Native Americans

The Denial of Humanity

Authored by: Debra Merskin

The Routledge Companion to Media and Race

Print publication date:  December  2016
Online publication date:  November  2016

Print ISBN: 9781138020726
eBook ISBN: 9781315778228
Adobe ISBN: 9781317695837

10.4324/9781315778228.ch20

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Abstract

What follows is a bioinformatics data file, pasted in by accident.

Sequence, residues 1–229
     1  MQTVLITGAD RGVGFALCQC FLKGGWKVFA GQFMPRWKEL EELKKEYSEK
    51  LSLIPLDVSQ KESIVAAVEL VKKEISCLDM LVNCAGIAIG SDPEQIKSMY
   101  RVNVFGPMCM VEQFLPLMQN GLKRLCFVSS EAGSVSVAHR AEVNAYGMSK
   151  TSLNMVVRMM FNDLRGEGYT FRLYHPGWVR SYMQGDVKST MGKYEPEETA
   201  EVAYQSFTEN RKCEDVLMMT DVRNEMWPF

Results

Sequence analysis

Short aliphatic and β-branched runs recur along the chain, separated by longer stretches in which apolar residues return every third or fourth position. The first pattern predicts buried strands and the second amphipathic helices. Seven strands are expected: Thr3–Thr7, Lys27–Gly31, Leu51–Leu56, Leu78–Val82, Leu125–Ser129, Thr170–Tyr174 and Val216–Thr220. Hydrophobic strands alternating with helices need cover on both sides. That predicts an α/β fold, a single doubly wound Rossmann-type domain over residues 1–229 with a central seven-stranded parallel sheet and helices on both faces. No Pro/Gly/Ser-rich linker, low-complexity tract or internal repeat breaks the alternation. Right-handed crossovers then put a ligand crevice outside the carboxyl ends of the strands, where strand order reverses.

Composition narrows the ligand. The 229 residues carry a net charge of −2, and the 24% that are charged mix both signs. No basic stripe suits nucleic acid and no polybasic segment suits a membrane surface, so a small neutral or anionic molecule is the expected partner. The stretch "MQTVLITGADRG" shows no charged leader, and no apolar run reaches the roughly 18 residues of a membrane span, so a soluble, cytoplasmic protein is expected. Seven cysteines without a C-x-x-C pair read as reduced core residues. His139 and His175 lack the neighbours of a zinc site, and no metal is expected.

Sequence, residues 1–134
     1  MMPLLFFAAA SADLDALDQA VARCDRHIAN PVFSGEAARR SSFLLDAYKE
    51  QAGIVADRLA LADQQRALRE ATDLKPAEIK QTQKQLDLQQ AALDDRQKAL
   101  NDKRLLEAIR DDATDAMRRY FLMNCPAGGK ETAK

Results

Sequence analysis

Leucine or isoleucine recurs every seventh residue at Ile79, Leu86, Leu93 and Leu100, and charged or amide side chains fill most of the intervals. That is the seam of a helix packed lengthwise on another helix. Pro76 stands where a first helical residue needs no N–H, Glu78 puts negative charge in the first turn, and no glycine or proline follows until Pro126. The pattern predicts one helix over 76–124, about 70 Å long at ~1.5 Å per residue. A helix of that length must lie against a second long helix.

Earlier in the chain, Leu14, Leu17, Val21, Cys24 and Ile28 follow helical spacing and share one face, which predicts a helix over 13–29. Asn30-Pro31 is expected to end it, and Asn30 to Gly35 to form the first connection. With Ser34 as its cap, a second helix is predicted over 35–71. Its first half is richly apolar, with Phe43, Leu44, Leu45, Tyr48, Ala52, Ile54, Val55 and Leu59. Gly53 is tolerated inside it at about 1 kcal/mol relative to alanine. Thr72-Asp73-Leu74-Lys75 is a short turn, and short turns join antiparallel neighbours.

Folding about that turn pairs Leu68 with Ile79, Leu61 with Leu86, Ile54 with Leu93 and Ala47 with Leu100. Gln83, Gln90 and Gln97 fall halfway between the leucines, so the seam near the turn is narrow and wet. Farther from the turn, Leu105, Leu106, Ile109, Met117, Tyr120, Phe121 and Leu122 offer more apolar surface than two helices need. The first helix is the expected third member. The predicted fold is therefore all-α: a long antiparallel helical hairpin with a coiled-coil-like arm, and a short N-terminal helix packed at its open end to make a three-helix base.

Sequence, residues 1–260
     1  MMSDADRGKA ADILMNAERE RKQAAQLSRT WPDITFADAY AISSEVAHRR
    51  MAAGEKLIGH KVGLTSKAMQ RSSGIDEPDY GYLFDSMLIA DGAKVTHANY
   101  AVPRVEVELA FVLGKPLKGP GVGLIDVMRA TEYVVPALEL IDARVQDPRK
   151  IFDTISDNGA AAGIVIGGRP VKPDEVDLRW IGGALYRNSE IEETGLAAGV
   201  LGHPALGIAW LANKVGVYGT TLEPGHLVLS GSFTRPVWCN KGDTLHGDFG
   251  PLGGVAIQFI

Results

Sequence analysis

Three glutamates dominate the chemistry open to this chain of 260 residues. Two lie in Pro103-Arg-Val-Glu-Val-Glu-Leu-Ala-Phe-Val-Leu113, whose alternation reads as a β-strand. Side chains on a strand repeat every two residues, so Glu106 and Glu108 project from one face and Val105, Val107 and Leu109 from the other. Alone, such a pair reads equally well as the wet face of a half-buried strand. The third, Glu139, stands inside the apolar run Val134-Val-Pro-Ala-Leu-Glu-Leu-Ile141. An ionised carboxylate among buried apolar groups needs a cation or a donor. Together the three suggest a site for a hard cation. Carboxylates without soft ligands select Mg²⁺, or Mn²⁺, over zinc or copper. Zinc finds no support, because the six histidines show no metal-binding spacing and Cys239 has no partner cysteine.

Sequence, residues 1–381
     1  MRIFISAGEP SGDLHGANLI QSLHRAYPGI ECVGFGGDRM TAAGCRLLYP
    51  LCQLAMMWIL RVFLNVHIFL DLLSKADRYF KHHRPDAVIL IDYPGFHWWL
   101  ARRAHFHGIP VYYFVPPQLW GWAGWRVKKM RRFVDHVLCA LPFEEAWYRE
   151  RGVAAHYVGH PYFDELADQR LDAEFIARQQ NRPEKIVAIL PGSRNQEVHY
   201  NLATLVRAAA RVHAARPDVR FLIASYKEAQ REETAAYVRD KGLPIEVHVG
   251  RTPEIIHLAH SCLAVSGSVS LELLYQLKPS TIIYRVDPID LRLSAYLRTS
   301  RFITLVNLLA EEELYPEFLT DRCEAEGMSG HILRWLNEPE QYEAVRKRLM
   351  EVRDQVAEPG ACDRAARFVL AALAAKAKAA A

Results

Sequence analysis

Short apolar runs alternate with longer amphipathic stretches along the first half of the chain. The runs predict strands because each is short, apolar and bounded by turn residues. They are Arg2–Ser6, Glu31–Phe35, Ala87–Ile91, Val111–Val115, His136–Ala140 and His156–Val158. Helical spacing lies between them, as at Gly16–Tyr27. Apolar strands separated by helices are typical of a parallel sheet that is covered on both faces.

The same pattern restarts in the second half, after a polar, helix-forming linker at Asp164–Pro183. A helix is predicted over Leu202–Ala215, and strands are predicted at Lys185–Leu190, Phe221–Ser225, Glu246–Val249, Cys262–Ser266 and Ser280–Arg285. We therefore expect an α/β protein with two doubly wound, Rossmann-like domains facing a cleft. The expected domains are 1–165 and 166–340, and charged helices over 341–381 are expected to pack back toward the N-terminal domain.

If you are among the 99 percent of Americans who are not Native American, 1 and know Indians 2 mostly through media representations, who do you think they are? Savages? Squaws? Princesses? Children of Nature? If you are Native, the few messages you do receive via the mass media and popular culture are either that you exist only in the past (Dances with Wolves, 500 Nations) or, if shown more contemporarily, work almost exclusively in casinos (The Killing, Big Love) or in law enforcement (Banshee). The symbolic annihilation of Indian peoples is an ethical issue for communication scholars and practitioners. Stereotypical representations not only reinforce dehumanizing and limiting views of the capabilities, appearances, and cultures of Native people to themselves (internalized oppression) and to non-Indians, but also support “structural exclusions and cultural imagining [that] leave minority members vulnerable to a system of violence,” both symbolically and actually (Perry 2002: 232). This chapter provides an overview of media portrayals of Native Americans. The first section contextualizes these representations by briefly discussing contemporary conditions of being Native in America. This is followed by a description of the history of representations of American Indians in several mass media forms (cinema, newspapers, television) and a discussion of debates related to research in this area, concluding with critical perspectives and debates in scholarship.

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